Lula returned to power for the third time with a thin majority after Sunday’s election in a country polarized along two axes of religion and societal hierarchy - Catholics vs Evangelicals and poor vs middle class.

    The next president will have to win continual support on these two axes and programs and policies have to please these two groups.

    President Lula has promised to link minimum wage with the inflation index, wages have been stagnant for four years in a country with annual inflation above 13%, and plans to expand direct cash benefits to the poor.

    Middle class may see more riches from the current elevated oil price flow to the poor and bypass them again for the second time, and strong Chinese demand will empower evangelicals even more.

    Brazil’s businesses will have to tackle a growing web of regulations and rising wages and can only hope that the vast spending of government contracts will become more transparent and accessible. 

    Brazil may see as many as 30 parties represented in the next Congress, making the next president’s job harder.

    Bolsonaro may have lost the presidential election, but in opposition his party holds enough power to derail government plans. The Bolsonaro-controlled Liberal Party won 99 of 513 seats in the lower chamber of deputies, up from 77 in the last election.

    Moreover, right-leaning parties now dominate the Congress and have increased their share in the Senate and made advances in state politics.

    President-elect Lula has a fight on his hands, unlike in the previous two terms.  

    Despite the current boom in energy and agriculture commodities, Brazil’s economy is still smaller than it was in 2007 and since then the population has grown by 15 million from 190 million.

    In the last fifteen years the basket of exported goods has dramatically changed, with more share of foreign earnings going to large farmers who are not likely to ease from their support of spreading the gospel of evangelicals.

    Voters don’t think in terms of GDP and inequality but understand a paycheck and inflation, and on those two key measures, the next president has much taller hurdles to overcome.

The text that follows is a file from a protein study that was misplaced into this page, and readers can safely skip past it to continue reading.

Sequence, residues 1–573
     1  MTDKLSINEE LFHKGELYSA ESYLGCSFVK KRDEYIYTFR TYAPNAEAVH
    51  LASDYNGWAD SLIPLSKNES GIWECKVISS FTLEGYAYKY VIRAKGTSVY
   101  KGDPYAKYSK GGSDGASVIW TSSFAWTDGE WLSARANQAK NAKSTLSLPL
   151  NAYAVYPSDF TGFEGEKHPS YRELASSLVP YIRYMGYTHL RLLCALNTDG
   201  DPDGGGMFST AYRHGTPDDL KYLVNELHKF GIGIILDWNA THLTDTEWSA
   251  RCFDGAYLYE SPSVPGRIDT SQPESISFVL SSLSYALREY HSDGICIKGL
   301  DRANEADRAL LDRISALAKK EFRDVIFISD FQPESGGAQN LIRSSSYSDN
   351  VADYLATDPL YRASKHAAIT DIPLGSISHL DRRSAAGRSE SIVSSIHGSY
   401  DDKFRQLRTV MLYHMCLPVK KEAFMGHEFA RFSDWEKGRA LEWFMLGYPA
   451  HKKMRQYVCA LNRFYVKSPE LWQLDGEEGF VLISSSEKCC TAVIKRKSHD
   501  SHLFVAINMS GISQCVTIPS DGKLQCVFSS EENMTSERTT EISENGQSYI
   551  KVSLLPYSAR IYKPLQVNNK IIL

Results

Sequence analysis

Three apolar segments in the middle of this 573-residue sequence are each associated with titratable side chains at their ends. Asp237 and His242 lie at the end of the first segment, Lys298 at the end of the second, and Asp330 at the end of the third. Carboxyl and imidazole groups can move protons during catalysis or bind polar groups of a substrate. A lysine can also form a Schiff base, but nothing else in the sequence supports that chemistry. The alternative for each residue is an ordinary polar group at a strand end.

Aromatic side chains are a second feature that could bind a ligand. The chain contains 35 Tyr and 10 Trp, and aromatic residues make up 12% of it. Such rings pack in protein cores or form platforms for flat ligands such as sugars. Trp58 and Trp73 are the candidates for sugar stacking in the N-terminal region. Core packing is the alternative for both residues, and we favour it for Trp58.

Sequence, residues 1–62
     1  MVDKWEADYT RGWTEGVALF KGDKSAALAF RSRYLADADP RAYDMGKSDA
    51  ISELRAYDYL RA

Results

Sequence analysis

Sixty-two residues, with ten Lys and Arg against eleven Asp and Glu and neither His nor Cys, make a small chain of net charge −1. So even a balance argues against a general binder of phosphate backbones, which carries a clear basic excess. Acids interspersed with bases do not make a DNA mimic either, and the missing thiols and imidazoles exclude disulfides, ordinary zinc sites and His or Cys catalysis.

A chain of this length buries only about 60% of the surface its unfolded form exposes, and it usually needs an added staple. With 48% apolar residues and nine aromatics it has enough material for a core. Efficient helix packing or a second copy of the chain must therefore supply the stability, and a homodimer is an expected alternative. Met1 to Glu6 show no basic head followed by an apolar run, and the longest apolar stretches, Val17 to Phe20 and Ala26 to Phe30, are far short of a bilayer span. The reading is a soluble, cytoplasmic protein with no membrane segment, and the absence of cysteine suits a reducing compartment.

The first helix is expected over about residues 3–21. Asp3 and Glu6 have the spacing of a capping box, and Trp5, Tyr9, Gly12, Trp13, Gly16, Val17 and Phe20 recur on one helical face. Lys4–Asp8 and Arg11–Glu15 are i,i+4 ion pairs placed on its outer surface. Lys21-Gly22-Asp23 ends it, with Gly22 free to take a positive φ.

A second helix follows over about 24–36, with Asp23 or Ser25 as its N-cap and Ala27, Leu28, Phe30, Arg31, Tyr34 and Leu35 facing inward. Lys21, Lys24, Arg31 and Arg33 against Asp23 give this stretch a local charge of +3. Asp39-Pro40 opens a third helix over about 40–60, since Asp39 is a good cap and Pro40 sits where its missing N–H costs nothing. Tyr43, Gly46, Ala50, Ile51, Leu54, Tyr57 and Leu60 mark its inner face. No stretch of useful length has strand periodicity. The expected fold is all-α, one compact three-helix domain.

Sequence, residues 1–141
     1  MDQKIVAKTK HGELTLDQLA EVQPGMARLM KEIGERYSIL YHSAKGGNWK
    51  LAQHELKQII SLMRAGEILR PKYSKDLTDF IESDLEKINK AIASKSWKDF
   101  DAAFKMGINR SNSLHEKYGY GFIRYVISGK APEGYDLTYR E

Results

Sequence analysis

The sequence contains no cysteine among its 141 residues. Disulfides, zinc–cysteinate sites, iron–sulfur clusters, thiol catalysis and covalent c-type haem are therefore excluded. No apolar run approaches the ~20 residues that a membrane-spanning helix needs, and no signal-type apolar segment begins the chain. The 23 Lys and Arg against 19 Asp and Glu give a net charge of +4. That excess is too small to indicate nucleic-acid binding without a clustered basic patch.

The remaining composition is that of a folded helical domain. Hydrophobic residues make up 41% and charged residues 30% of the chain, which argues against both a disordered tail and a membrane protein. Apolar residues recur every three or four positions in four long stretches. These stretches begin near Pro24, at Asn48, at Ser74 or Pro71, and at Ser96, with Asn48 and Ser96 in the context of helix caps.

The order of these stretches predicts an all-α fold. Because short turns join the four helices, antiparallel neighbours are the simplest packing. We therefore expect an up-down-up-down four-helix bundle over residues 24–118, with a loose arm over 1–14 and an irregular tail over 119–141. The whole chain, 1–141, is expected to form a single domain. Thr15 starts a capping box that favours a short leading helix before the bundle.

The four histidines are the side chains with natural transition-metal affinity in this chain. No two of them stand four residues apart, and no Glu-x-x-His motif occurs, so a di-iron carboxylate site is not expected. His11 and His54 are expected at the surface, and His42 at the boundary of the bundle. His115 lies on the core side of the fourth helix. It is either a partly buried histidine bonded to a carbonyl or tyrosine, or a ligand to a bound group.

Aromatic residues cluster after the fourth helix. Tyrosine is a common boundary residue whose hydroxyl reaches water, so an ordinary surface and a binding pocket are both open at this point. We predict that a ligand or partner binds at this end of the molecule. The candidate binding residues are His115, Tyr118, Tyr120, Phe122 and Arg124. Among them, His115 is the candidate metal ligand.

And what about that talk of Brazil - the superpower in the making, well, that will require an election and candidates that put the economic growth, competitiveness, developing skilled labor force on top of the agenda.

    Brazil’s productivity anemia and bloated public sector, built on one of the most complex tax regimes, needs much more than a leader who returns to office on the platform of corruption, crime and God.  

     

    Sustainable Middle Class Needs Sustainable Policies  

     

    Commodities boom and busts will come and go, but unless Brazil finds a way out of these cycles, this underperforming economy will remain trapped in the middle income with many surviving near the poverty line.

    Much lauded and needed programs like Bolsa Familia, help in fighting extreme poverty but political leaders must acknowledge that the commodity booms create more unskilled than skilled jobs needed to build a stable middle class.

    To create and expand the middle class, the hallmark of any successful society, Brazil needs a reserve fund that swells in the good times and available in the bad times, but ensures a stable economic growth that allows more people to acquire education and skills and creates a diversified economy.

    Only about 25 years ago, Brazil was the sixth largest economy in the world and dynamic China, India and South Korea have surpassed Brazil by developing a sustainable middle class.

    It is time Brazil moves beyond God, corruption and crime and develops a skilled labor force and embraces politics of meritocracy.